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Samuel J. Douglas

 

 

 

 

 

 

 

 

 

 



 Samuel J. Douglas (10 October 1812 – 14 November 1873) was an American politician and jurist. A Democrat originally from Virginia, he served on the Florida Territorial Court of Appeals (during the era of Florida Territory) 1841–45 and the Florida Supreme Court 1866–68.

Douglas was born in Petersburg, Virginia. He graduated from the University of Virginia and entered into the practice of law in Southampton County, Virginia.
President John Tyler, a family friend, appointed Douglas to the Florida Territorial Court of Appeals on October 12, 1841, after a mutual friend refused the post and recommended Douglas instead. He subsequently appointed him to a four-year term on February 15, 1842.

This was a tumultuous time in Florida history, and Douglas met the task of restoring the rule of law to curb both criminal offenders and planters and businessmen trying to escape responsibility for their debts. His firmness made him sufficiently unpopular that after statehood, the Florida Legislature did not reappoint him to the Bench. He then opened a legal practice in Tallahassee until he was appointed Collector of Customs at Key West in 1849.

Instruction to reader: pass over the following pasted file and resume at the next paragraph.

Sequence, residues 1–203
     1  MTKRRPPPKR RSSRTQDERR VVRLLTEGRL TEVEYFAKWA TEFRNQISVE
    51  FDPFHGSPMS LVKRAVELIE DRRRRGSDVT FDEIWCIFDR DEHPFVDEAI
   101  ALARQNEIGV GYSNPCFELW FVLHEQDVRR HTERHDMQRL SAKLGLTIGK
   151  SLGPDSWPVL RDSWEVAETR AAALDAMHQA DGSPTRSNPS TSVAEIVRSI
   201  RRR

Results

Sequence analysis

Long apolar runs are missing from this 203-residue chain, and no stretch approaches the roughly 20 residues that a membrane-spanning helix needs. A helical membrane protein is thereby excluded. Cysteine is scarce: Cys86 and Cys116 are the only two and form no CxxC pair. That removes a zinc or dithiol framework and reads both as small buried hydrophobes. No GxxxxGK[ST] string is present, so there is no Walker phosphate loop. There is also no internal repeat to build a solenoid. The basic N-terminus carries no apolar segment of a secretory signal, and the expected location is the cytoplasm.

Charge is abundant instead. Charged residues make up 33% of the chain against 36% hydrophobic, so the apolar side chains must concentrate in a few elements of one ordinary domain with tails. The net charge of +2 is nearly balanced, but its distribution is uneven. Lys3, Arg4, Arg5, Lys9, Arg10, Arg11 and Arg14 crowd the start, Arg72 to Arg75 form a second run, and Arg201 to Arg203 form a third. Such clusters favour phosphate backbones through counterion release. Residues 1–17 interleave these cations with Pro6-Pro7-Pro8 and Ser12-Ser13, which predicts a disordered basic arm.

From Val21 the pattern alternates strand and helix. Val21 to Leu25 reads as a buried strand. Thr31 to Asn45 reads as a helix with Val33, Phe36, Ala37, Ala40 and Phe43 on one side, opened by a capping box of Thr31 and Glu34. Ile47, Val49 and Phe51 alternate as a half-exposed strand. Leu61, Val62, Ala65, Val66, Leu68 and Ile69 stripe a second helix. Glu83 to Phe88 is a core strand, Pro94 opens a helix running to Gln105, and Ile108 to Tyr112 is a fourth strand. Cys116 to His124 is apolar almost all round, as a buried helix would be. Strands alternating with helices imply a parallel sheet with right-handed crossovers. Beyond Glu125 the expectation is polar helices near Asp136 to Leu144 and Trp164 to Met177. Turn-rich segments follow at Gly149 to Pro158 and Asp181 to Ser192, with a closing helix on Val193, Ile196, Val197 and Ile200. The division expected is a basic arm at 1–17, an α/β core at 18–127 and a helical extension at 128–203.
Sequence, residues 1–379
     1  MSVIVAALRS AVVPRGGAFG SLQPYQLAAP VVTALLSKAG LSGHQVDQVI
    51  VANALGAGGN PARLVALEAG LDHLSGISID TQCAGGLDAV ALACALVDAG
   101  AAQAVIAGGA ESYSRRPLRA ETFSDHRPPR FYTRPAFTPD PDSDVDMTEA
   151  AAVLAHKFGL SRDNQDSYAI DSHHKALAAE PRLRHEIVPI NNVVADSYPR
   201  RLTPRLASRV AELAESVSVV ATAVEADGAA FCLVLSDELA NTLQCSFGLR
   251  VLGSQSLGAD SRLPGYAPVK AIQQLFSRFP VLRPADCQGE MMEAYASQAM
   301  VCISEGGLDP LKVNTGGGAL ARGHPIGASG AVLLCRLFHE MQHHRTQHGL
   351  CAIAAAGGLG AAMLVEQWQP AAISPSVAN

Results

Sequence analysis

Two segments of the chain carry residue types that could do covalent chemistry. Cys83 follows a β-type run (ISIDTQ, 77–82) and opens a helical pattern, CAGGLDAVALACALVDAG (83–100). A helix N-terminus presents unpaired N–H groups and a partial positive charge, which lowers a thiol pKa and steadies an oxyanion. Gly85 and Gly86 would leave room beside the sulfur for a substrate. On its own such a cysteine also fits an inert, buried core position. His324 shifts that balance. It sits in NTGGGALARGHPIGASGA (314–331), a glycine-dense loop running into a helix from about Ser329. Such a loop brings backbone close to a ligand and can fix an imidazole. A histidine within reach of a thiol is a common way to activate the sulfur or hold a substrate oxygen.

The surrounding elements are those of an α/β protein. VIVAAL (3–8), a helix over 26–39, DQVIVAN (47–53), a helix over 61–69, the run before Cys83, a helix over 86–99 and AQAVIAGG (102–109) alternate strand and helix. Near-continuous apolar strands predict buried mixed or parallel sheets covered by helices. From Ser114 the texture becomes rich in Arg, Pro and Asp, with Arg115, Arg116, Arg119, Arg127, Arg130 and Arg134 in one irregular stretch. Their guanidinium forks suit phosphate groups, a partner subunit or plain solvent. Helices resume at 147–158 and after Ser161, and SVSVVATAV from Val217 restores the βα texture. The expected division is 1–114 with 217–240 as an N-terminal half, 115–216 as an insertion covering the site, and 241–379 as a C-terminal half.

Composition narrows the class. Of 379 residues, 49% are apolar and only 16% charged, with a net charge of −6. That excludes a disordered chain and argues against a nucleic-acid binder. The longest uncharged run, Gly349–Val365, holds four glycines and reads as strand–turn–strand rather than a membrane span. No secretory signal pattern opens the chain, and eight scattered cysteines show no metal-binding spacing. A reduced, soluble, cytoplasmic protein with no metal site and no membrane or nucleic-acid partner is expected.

In 1847, he married Elizabeth 'Lizzie' Brown, the daughter of Governor Thomas Brown, after the death of his first wife. He opened a law office in 1853, and practiced law on Key West until outbreak the Civil War. His secessionist tendencies made him persona non grata to Federal authorities, and he returned to Virginia. He served the Confederate States of America as a military judge, and returned to Florida after the cessation of hostilities.

In the summer of 1865, he became a private secretary to Governor William Marvin. In 1866, Governor David S. Walker appointed Douglas to replace Justice Augustus E. Maxwell. He was one of four Justices appointed by Governor Marvin. In the uncertainty of Florida under Federal occupation, Douglas' efforts centered on resolving conflicts Florida and military officials. In 1868, he left the Court to return to private practice.

He died November 14, 1873 in Tallahassee of a stroke.

 

 

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Last modified: Wednesday, 18 July 2018